Rubio’s shooting is the biggest question mark. He can regularly knock down short-to-mid open jumpers, even in off-the-dribble fashion, but these are difficult to come by. From the perimeter, things get a lot uglier, and his inconsistency is exposed. To make things worse, his team Joventut actually lacks perimeter shooting, which doesn’t help his cause. Also, he suffers finishing around the rim, as he still misses an extra degree of strength to get up off his feet after his slashing slaloms. This all means that scoring is not what he will consistently deliver this season.

Anyway, if he manages to keep his current rate of playing time throughout the season, it will already be a major success. What else could we ask from a kid like this?

U-16 European Championships: Unbelievable Rubio

Luis Fernández
Luis Fernández
Aug 22, 2006, 04:41 pm
We’re running out of adjectives to describe what Ricky Rubio has achieved in these Cadet Championships. After his terrific run leading Spain to the semifinals with a perfect record, he saved his best for the last and decisive games, a couple of ridiculous performances that included a quadruple double in the semifinal and a 51-point game in the double-overtime final that handed the title to the Spanish squad and the MVP award to him.


When we found out that Rubio decided to play in the U-16 European Championships this summer (apparently, the Spanish Federation wanted him in both U-16 and U-18 tournaments, but he picked to play with generation mates), we felt something big could happen. He’s not only a super talented player, but a guy with experience in the ACB League. We’re not talking about an anecdotic showing in garbage time or an appearance just to fill the record books, but having played some meaningful minutes in a few games in the playoffs, including an excellent showing in quarterfinals against Gran Canaria, helping his team DKV Joventut with his terrific defense to make a comeback and ultimately win the game.


As much as the preliminary and quarterfinal stages completely met our most optimistic outlook, his final display exceeded any reasonable expectation.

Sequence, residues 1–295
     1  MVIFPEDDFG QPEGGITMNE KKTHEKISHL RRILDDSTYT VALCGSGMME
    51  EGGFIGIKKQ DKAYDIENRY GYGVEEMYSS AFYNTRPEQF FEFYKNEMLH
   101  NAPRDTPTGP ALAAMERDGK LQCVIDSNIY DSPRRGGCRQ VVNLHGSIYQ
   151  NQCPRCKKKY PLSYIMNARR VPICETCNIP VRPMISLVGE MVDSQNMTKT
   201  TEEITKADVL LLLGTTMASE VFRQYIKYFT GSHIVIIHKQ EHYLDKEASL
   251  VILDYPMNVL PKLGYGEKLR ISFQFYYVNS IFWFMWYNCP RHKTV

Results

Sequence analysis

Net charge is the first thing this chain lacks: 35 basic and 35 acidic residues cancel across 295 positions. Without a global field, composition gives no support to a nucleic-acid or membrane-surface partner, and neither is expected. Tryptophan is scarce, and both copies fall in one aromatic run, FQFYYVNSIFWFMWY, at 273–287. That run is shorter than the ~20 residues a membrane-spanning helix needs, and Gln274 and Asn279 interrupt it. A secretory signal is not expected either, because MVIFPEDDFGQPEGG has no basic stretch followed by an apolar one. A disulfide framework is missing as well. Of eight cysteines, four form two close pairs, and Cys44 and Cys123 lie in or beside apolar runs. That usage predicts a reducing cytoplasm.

Croatia was a dangerous but affordable rival for Spain in the semifinals. They had a big size advantage in the frontcourt, but nothing that couldn’t be battled with a physical game, and their backcourt frequently worked based on individual inspiration. Spain got an early lead that they never lost, and Ricky only need 28 minutes of playing time to put up a quadruple double, finishing the game with 19 points, 10 rebounds, 13 assists and 11 steals in 33 minutes.

Russia in the final was a tougher match in advance despite the deceiving 15-point differential that Spain got in the preliminary round against them. It was so much tougher that Spain needed virtually a miracle to come up with the victory. But Rubio had an appointment with destiny, and had no intention to miss it. Russia had taken what looked like a definitive 3-point lead with under 2 seconds to go on the clock, and it had to be Ricky, a mediocre shooter, who nailed a mid-court bomb with the buzzer to send the game to the first overtime, which ultimately gave the victory to Spain and an unbelievable stat-line of 51 points, 24 rebounds, 12 assists and 7 steals for Ricky.

It was much more than a mere lucky strike. It’s about being a winner.


“As Babunashvili hit an incredible fade-away three-pointer with 1.4 seconds to go, the Russians exploded with joy while the Spanish shank in despair. Nobody had any hope left, even the Spanish coach had given up. Nobody seemed capable of reacting, even to inbound the ball for that final second. Nobody but Ricky Rubio, who was asking like crazy for the ball. Finally a teammate reacted and sent the ball to him; a couple of strides and, sneaking between three rivals, he threw that bomb from the mid court, hitting the board just before going down through the net.”


Unfortunately, wasn’t there for these final games. Rafa Santos, who has been covering the tournament for, was one of the fortunate witnesses and those are his words, priceless words indeed to show us Rubio’s amazing winning character.